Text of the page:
Top positive review
54 people found this helpful
A worthy successor to Morse
on 5 August 2010
As a follow-on series to Morse, probably the greatest ever tv detective show, Lewis seemed doomed to suffer in comparison and yet over 16 episodes (so far) the series has more than lived up to expectations. It maintains Morse's languid, elegant, slow-moving style that's at odds with most modern tv shows with their tight editing and camera work courtesy of wobblycam. It continues to attract numerous well-known actors, has high production values, unintrusive quality music, excellent scenery, and has murder mysteries that are so convoluted nobody can figure them out.
Having praised the show, some aspects of the earlier episodes are uncertain and it takes a while to perfect the format. Early on there's an understandable need to link in to Morse and so there are numerous attempts to shoehorn in items such as scribbled messages by Morse on crossword puzzles. Usually these homages don't work and thankfully when the show finds its feet references are used less often and with more effect. The oddest and most important of these links is the decision to morph Lewis's character into, well, him becoming Morse. In the earlier series Lewis provided an essential contrast to his curmudgeonly boss. He was happy, was devoted to his family, and he employed dogged police methodology that would eventually happen across the vital clue to the mystery while Morse was busy falling in love with the murderer and drinking beer.
This time Lewis's wife is dead leaving him morose, we see little of his home life other than to stress that he is lonely, and he solves crimes with brilliant deductive analysis. He even drinks lots of beer and listens to Wagner. At first this feels an odd change, as it seemingly ignores the Lewis character that built up over many years, but it does make sense as Morse's love of opera did gradually grow on Lewis during the earlier series. And Morse would have developed his interests and characteristics over many years and so here we, in a way, get to see how Morse developed into the man he ended up being.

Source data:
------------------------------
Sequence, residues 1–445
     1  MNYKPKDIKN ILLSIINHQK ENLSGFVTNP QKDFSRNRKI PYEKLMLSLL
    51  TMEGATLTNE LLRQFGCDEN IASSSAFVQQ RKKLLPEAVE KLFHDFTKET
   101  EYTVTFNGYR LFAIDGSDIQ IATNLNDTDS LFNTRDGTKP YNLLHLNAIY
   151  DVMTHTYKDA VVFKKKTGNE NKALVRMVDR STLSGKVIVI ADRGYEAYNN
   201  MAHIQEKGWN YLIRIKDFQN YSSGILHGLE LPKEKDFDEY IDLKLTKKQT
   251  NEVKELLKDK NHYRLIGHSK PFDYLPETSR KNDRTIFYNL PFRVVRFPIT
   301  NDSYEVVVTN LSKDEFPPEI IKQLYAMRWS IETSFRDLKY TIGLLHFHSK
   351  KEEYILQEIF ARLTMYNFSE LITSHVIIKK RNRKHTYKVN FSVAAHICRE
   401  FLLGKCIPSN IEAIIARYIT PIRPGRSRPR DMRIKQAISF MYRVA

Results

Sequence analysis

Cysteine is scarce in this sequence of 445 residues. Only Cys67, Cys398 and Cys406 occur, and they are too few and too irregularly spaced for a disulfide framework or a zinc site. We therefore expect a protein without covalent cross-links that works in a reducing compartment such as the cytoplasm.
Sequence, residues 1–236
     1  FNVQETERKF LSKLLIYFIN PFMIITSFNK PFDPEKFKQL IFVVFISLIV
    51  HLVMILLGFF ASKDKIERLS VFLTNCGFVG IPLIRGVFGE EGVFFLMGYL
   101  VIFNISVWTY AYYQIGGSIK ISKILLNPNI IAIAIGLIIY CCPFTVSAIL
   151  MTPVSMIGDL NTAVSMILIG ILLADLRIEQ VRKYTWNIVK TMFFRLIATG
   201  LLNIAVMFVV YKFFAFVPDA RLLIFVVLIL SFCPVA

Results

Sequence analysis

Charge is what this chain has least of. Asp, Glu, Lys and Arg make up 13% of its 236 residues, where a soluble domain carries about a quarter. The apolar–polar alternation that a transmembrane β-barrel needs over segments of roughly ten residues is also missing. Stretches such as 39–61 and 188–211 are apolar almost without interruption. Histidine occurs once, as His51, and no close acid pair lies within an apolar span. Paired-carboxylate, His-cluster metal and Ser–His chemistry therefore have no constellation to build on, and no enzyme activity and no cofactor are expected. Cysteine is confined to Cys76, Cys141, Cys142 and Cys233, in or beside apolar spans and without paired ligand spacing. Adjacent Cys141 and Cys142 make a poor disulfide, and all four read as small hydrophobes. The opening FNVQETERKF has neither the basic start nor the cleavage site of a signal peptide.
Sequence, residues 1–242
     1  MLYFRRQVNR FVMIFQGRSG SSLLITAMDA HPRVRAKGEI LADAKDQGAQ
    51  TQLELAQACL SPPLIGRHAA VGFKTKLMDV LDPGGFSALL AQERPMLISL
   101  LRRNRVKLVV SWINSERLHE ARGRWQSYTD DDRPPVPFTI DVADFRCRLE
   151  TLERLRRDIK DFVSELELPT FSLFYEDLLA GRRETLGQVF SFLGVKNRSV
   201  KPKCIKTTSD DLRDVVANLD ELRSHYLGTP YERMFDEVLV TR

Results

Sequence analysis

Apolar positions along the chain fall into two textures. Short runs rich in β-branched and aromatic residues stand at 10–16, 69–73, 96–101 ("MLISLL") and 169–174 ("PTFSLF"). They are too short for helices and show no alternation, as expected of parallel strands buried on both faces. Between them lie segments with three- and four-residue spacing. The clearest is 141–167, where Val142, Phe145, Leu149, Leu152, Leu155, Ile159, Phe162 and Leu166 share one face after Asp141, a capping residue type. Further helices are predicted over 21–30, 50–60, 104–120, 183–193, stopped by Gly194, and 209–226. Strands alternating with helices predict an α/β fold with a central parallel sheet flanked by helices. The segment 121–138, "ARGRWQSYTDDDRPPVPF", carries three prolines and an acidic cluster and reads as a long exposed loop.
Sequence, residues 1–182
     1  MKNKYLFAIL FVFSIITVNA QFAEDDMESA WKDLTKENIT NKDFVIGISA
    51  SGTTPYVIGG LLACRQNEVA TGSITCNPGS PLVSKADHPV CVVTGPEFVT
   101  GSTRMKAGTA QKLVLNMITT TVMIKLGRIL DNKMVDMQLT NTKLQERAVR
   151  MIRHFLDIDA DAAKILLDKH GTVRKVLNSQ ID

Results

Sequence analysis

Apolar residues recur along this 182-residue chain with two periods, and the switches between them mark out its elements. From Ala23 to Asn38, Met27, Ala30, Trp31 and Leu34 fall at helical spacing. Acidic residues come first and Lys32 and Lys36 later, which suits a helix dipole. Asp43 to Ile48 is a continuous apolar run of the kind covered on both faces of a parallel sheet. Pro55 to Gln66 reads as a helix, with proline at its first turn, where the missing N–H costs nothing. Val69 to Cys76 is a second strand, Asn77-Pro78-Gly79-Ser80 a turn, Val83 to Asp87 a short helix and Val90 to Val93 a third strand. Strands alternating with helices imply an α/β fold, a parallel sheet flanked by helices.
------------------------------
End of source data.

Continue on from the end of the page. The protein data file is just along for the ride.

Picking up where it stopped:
Lewis's sidekick of Hathaway also initially feels wrong, presenting a mish-mash of quirky sidekick features: he's a brilliant, enigmatic, computer literate, ex-theologian with a funny walk. But the role quickly settles down and his relationship with Lewis is played effectively with frequent amusing exchanges and plenty of sparring when their contrasting viewpoints clash. The series also uses to good effect the various enigmatic aspects of his past such as the reason why he gave up on theology.
Making up the rest of the regular cast are Lewis's shouty boss Innocent, who takes over from Strange's role as the shouty boss. Innocent has little to do other than to complain about the press or budgets or whatever is necessary to take a contrary view to Lewis's to browbeat him some more. But the pathologist Doctor Hobson (reprising her role from the later Morse episodes) is given meatier scenes and more of a rounded character than any pathologist on the show has ever had before. Her friendship with Lewis is nicely believable with just the right level of hinted romance, especially as their scenes are usually played out over bodies where plenty of plot exposition can be delivered in a fun way.
As for the individual episodes, they are consistent and the later ones are as strong, if not better, than the earlier ones. Out of the 16 I'd suggest that only series 3's Counter-Culture Blues is a failure with its terrible acting, silly plot, and central idea that's been done far better elsewhere. The rest do well to introduce memorable characters while mixing in clues from literate sources such as Greek mythology, opera and art leading to revelations that are rarely the expected one that the most famous guest star did it. With a fifth series already commissioned I hope this annual piece of quality tv can continue for a while longer.